Is there anyone who doesn't like mail? I mean good mail, not just random advertising (some of which can be fun) or endless credit card offers (which never are.) Like everyone else who came of age before the spread of email and the internets, mail was for me growing up meant one of the main ways of entrance into subcultures. Freaky catalogs with pages of pins for sale, fanzines, play-by-mail games (all the way back to correspondence chess)-this kind of mail was for you in a very specific kind of way. And that's not to mention letters of all kinds, infrequent (in my experience) though they might have been (I must confess to a preference for writing by keyboard myself, but we are talking about receiving mail here.) So you can imagine my approval at reading these words:
Writing and sending letters was a huge part of our upbringing. We sent letters to our grandparents and cousins who live around the Northeast. Whenever we went on vacation, we would send postcards to people back home. So the idea kind of stems from loving mail, the kind you find in your mailbox, and the very personal relationship that mail affords.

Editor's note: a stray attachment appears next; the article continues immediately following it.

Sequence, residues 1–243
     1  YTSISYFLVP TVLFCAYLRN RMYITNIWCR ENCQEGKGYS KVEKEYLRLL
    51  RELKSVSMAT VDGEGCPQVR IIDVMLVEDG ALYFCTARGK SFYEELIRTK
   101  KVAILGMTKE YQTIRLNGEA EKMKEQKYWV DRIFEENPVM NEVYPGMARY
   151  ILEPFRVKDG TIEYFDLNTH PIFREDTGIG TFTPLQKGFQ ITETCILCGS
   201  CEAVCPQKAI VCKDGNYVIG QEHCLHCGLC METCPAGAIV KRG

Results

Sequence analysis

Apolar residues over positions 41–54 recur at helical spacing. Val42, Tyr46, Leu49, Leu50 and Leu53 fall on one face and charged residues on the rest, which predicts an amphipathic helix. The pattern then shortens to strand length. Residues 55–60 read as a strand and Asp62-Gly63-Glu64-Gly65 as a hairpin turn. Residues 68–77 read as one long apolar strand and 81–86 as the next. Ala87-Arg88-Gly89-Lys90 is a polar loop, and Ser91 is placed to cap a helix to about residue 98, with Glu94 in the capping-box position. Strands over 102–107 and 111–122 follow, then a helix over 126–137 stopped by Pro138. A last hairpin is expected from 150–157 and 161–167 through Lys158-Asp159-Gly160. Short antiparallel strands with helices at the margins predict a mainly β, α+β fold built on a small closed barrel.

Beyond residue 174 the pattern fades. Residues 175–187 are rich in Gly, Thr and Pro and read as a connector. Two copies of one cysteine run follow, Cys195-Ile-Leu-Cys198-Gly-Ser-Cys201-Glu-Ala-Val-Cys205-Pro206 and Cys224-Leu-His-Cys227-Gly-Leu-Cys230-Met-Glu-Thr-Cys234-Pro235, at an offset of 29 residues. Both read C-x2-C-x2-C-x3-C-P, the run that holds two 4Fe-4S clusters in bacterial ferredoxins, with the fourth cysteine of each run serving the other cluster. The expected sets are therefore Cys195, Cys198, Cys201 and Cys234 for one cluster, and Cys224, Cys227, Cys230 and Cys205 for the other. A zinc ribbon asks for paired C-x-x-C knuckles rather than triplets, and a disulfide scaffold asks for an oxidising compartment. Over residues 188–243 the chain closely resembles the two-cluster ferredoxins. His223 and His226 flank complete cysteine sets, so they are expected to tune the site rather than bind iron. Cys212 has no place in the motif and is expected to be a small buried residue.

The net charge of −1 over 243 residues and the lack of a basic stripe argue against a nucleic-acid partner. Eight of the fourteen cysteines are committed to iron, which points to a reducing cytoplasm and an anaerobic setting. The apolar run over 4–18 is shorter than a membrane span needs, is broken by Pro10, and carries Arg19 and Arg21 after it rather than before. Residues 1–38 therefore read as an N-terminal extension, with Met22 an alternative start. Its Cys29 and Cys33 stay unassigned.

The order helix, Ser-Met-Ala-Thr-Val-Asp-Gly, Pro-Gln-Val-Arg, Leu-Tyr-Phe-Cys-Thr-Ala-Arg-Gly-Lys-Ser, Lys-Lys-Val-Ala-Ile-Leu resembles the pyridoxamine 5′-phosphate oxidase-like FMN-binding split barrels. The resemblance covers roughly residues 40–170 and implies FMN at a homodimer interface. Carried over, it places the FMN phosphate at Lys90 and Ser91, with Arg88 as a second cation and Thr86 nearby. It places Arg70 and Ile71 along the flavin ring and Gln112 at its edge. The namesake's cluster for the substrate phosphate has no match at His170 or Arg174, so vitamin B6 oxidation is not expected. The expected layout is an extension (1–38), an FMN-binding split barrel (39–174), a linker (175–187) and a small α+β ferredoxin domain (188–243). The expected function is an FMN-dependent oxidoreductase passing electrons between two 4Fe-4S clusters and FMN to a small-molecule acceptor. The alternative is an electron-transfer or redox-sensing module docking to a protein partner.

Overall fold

They come from Tess Knoebel, co-creator with her sister Anna Knoebel, of Abe's Penny, "a micro-magazine." From their website:
I've just received the third installment of the Killeen/Ledgin series, which has amused my co-workers for the past few weeks. The laconic style of Killeen's unpopulated scenes of obscure buildings and infrastructure are matched by the Ledgin's quietly hilarious story of mayhem. The Knoebel's cite the penny press as their inspiration, which also seems apt--this is a micro-magazine, a witty image and text feuilleton delivered via postcard, not mail art as its purists would have it. It's certainly restored some of the delight of checking the mail--at least until next week's final installment.
Also: Abe's Penny on Newsgrist.